The 6.0 system was divided into "technical merit" (in the free skate), "required elements" (in the short program), and "presentation" (in both programs).1 The marks for each program ranged from 0.0 to 6.0, the latter being the highest. These marks were used to determine a preference ranking, or "ordinal", separately for each judge; the judges' preferences were then combined to determine placements for each skater in each program. The placements for the two programs were then combined, with the free skate placement weighted more heavily than the short program. The individual with the lowest sum of the factored placements was declared the winner.2
The 6.0 system was a ranking system. Skaters were ranked in comparison to each other in marks ranging from 0.0 to 6.0, with 6.0 being the highest possible mark. It was first introduced at ISU congress in 1901.3 Until that year skaters's marks ranged from 0 to 5. A 6.0 mark for technical merit was extremely rare.4
The 6.0 system went through various versions in terms of how scores were tabulated and compared with each other. Until 1980, for example, each judges' weighted scores from each phase of the competition were added together before computing ordinals, instead of using factored placements.5 Because compulsory figures were scored using a wider range of marks than the short program or free skating, this system allowed skaters to take a large lead in that segment of the competition, which made them effectively unreachable in later segments. The system of factored placements, in which ordinals were computed for each competition segment separately and factors applied to the relative placements rather than the raw marks, was proposed as early as 1971 by former Hungarian champion and World Referee Pál Jaross,6 and finally adopted for the 1980-1981 season. In 1998, the method by which placements within a segment were computed was changed from "best of majority" -- ranking skaters by the highest ordinal for which they received a majority vote of the judges—to a system of "one-by-one" comparisons between the ordinals of all the skaters.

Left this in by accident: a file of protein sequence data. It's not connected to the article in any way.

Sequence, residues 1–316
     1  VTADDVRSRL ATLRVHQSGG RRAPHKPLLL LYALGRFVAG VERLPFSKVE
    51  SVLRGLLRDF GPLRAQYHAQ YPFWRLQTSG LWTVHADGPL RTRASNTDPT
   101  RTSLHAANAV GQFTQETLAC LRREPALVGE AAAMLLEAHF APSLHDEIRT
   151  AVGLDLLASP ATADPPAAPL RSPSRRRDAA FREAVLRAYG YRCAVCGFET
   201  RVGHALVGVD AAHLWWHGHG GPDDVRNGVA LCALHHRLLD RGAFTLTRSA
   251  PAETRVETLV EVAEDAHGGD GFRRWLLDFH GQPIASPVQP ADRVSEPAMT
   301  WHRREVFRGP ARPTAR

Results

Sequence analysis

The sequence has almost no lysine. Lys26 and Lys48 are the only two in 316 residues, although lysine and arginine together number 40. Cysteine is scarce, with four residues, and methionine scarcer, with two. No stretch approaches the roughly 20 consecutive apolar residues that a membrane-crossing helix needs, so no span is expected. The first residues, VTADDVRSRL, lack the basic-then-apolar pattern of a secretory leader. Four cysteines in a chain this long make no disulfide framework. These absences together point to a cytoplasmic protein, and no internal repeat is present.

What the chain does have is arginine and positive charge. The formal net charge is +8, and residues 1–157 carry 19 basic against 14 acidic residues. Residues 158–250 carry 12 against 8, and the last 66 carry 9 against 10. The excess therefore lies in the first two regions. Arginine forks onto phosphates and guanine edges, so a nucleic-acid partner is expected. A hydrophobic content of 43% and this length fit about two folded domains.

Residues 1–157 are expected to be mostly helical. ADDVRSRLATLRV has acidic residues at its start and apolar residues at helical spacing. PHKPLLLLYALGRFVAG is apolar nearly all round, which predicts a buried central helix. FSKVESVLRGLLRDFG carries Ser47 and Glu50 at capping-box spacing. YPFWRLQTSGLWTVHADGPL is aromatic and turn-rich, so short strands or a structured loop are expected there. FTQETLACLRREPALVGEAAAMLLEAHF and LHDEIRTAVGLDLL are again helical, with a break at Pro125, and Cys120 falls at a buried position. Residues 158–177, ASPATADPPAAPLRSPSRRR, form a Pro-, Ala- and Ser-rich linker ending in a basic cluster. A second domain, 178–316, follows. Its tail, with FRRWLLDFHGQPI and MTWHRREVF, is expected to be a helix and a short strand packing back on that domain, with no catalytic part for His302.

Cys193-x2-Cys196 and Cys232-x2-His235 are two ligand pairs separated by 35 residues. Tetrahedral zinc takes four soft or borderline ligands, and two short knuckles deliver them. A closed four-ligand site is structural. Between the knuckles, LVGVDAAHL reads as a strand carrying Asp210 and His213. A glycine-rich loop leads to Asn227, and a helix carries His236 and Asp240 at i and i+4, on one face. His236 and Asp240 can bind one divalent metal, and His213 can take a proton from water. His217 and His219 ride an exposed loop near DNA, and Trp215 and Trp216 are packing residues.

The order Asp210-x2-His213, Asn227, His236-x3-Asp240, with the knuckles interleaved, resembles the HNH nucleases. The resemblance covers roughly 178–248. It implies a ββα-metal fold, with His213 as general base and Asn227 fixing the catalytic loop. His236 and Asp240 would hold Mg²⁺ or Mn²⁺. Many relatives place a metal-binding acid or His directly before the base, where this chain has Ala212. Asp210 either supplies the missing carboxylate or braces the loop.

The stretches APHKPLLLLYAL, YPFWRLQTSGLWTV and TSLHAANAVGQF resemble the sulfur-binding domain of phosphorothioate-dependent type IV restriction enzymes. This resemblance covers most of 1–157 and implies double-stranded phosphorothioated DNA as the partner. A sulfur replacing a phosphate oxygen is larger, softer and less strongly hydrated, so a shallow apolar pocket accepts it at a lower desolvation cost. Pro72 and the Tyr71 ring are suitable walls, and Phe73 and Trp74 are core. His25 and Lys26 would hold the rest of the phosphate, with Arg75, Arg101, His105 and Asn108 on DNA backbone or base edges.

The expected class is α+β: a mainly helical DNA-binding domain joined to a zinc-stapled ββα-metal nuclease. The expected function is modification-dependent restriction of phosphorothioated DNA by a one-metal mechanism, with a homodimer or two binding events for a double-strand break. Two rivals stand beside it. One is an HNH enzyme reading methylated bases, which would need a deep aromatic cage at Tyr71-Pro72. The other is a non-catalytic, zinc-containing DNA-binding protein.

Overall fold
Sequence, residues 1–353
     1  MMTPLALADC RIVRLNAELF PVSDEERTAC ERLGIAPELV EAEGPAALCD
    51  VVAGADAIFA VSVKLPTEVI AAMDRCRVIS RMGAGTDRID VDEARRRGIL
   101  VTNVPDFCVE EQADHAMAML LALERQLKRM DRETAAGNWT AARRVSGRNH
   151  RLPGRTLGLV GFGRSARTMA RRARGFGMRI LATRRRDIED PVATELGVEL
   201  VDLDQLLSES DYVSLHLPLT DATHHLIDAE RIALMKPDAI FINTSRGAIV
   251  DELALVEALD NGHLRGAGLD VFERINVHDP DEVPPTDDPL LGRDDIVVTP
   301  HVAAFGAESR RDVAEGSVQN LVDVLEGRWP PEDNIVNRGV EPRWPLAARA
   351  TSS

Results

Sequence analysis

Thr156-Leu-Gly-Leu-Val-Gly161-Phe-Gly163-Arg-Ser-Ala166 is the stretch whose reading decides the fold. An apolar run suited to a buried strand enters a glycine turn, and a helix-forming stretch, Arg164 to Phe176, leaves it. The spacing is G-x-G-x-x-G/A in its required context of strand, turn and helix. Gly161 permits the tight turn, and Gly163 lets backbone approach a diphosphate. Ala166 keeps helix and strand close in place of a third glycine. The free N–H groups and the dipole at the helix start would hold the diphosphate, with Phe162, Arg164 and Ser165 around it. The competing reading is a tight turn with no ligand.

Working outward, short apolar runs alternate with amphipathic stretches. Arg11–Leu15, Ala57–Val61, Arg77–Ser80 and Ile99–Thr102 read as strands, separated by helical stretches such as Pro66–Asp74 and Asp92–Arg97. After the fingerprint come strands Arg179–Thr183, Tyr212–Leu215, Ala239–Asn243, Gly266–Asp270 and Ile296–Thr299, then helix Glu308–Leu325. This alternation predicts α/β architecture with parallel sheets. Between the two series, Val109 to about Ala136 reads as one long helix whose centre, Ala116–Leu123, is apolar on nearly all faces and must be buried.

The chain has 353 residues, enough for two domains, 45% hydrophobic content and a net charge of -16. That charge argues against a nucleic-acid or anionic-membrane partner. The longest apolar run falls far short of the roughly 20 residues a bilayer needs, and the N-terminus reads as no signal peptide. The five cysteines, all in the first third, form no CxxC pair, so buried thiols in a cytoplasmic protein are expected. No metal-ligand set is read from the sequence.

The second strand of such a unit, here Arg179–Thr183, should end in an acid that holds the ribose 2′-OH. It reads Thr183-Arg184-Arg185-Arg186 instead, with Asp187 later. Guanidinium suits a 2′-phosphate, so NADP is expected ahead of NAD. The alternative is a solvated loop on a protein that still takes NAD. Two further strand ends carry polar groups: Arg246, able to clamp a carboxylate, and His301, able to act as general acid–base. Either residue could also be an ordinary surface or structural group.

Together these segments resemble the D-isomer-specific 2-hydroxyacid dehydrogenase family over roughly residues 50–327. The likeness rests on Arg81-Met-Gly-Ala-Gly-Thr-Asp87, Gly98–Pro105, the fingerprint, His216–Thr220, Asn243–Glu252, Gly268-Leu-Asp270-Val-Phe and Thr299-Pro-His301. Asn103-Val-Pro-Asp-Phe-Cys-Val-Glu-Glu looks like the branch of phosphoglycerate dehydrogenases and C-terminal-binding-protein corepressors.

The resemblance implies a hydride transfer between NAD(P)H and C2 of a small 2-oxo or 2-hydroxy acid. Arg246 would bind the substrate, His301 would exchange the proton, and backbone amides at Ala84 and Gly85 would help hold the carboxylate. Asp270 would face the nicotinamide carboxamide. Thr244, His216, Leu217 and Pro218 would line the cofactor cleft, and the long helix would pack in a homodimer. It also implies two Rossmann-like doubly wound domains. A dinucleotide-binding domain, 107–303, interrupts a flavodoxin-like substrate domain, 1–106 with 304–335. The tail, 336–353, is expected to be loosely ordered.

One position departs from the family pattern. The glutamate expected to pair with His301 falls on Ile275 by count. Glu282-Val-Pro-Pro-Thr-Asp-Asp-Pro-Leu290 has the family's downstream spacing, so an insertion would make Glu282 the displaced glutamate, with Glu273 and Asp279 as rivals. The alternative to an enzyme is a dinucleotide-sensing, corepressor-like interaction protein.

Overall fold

While the 6.0 mark by itself did not mean anything out of context, it was often used as a sign of perfection. British ice dancers Jayne Torvill and Christopher Dean earned nine 6.0 scores for artistic impression at the 1984 Winter Olympics, and remain the only ice skaters to ever achieve that score in the Olympics.7
- Loosemore, Sandra (1998-12-02). "It's the presentation, stupid". CBS Sportsline. Archived from the original on 1999-04-29.
- "The 6.0 System". U.S. Figure Skating. Retrieved September 4, 2006.
- Absaliamova, I. V. (1997). Stoletniaya Istoria Chempionatov Mira po Figurnomu Kataniu na Konkach (Odinochnoe Katanie) (in Russian). Moscow: FON. p. 122. ISBN 5-89022-046-2.
- Tarasova, T. A. (1985). "Мой мир, мое фигурное катание". Chetyrie Vremeni Goda (in Russian). Moscow: Sov. Rossia. p. 176.
- Benjamin T. Wright, Skating in America, published by U.S. Figure Skating
- "Worlds: Contemporary Calculations", Skating magazine, May 1971
- "1984: British ice couple score Olympic gold". BBC News. 1984-02-14. Archived from the original on 31 January 2008. "They scored 12 out of 18 possible sixes for their free dance and the maximum possible of nine sixes for artistic impression."
- "Meeting of the ISU Congress", Skating magazine, November 1959